Climate change may exacerbate water scarcity and lead to sharp increases in food costs. The pressures caused by climate change will influence resource competition while placing additional burdens on economies, societies, and governance institutions around the world. These effects are threat multipliers that will aggravate stressors abroad such as poverty, environmental degradation, political instability, and social tensions – conditions that can enable terrorist activity and other forms of violence.
Water is the most basic need of human society, so it’s easy to suppose water scarcity is a major source of conflict just waiting to be “threat-multiplied” by climate change. But we expect more from defense analysts than facile assumptions.
British science writer Wendy Barnaby planned to write a book about the “coming century of water wars,” only to find that cooperation rather than conflict is the dominant response to shared water resources. Of 1,831 interactions over international fresh water resources spanning five decades, she could not find a single bona fide water war — not even in the conflict-ridden, water-scarce Middle East. Egypt and Jordan have gone to war with Israel several times, but never over water. Rather than fight about water, they cooperate and import “virtual water” in the form of grain.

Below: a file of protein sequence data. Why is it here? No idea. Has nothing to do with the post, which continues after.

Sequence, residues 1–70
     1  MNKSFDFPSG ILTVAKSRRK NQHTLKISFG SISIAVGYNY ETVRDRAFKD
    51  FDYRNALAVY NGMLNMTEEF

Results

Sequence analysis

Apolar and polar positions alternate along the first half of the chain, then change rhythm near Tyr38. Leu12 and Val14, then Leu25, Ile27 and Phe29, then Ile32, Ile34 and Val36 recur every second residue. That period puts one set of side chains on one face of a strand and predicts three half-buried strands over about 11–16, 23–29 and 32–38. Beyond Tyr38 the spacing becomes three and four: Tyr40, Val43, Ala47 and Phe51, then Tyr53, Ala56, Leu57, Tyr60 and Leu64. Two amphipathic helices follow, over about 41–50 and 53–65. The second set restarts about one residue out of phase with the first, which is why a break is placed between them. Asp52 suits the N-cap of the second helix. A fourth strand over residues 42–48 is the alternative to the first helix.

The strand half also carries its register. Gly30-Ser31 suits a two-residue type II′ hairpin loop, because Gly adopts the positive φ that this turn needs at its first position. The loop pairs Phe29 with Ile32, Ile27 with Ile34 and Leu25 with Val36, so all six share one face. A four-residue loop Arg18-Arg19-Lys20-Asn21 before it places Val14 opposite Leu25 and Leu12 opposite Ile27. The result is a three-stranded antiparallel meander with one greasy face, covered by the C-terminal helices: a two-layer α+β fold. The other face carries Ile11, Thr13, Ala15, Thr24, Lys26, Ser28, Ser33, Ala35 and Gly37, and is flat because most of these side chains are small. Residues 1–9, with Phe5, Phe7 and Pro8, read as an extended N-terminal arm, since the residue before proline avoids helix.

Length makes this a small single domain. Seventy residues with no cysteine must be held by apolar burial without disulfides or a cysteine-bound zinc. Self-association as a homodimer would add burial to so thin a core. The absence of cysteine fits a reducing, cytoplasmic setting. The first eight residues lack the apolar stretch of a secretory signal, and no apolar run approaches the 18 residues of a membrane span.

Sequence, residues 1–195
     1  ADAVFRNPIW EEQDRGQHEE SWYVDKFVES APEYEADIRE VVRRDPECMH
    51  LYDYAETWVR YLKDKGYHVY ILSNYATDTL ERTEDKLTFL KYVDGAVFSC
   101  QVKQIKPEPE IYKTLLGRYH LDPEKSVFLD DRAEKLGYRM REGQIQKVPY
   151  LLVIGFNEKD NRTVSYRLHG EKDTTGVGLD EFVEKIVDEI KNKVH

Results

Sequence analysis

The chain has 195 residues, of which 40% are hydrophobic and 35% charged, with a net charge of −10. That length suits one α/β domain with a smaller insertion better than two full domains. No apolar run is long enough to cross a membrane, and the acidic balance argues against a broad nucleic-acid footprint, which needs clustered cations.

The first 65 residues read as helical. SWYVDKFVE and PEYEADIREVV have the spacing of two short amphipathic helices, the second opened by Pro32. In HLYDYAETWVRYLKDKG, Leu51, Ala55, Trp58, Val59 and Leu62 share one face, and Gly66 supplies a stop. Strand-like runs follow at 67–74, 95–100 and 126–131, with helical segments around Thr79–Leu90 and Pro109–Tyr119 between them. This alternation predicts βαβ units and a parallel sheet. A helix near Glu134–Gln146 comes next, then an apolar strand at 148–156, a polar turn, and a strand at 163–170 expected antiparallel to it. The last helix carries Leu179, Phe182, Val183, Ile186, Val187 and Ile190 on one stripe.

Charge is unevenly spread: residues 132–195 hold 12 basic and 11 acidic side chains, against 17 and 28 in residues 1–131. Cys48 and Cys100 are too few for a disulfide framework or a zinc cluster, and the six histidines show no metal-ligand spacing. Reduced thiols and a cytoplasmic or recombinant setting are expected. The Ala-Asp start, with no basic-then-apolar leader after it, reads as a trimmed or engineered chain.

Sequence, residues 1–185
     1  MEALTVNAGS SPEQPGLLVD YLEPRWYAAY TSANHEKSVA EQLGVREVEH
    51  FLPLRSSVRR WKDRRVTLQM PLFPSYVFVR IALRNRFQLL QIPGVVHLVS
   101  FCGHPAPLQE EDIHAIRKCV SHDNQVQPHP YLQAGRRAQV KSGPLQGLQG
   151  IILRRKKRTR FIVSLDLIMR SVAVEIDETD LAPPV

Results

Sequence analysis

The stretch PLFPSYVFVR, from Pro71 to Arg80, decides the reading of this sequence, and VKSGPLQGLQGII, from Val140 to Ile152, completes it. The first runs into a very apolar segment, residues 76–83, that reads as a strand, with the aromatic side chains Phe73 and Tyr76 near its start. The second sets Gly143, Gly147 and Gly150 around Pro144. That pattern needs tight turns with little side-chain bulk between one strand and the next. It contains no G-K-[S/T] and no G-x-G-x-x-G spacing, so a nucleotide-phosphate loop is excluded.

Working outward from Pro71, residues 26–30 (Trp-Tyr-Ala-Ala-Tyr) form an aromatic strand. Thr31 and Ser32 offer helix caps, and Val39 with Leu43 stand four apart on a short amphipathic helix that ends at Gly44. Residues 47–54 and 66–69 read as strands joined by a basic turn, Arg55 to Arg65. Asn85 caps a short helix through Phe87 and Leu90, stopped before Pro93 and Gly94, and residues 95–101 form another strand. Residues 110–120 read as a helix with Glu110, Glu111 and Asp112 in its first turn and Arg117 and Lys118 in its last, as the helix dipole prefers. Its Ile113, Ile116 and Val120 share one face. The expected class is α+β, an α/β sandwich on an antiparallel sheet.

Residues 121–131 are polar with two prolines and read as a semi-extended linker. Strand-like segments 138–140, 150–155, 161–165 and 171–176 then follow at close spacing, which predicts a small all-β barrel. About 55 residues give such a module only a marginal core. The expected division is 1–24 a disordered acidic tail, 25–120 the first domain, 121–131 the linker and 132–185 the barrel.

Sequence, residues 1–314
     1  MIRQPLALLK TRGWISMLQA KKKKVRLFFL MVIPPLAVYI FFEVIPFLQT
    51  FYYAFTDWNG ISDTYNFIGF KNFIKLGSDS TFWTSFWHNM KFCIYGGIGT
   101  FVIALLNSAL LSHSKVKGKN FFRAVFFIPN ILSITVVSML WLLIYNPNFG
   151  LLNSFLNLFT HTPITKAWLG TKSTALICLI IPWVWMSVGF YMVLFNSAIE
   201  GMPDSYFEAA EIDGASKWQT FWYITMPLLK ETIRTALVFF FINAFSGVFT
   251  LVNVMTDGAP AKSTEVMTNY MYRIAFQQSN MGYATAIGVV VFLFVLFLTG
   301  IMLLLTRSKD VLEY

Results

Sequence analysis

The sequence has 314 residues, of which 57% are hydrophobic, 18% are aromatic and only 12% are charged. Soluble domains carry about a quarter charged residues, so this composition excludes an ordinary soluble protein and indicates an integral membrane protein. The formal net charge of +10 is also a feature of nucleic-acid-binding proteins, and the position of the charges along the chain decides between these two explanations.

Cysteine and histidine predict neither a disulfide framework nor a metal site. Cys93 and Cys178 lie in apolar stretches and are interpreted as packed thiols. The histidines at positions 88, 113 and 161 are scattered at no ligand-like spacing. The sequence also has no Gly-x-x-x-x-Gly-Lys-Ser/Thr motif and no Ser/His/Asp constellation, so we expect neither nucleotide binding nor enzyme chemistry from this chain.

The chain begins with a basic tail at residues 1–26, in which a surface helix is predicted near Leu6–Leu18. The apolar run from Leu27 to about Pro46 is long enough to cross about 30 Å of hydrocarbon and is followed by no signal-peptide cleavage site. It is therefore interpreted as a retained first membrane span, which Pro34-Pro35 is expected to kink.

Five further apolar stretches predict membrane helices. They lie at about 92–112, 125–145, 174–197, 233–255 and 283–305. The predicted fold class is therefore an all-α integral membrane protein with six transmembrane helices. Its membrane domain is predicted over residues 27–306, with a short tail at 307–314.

To repeat, CO2 emissions are a boon to agriculture, boosting supply and exerting downward pressure on food prices. Fossil fuel-supported agricultural technologies continually improve, with the result, according to economist Indur Goklany, that “In 2007, the global food and agricultural system delivered, on average, two and a half times as much food per acre of cropland as in 1961.” Note: That was supposedly a period of “unprecedented” global warming. Agricultural biotechnology is in its infancy. The most reasonable expectation is that global food security will continue to improve in coming decades.
What about climate change influencing “resource competition”? If I’m not mistaken, the QDR is referring to the shrinking of the Arctic polar ice cap, which facilitates both deep-sea oil and gas exploration and trade via the fabled Northwest Passage. Well sure, when previously inaccessible resources become accessible, nations will compete for access. But in the case of water and food, the QDR claims climate change will promote conflict by making resources scarcer. So if Arctic ice melt expands global energy supply and facilitates trade, why wouldn’t that foster cooperation and peace?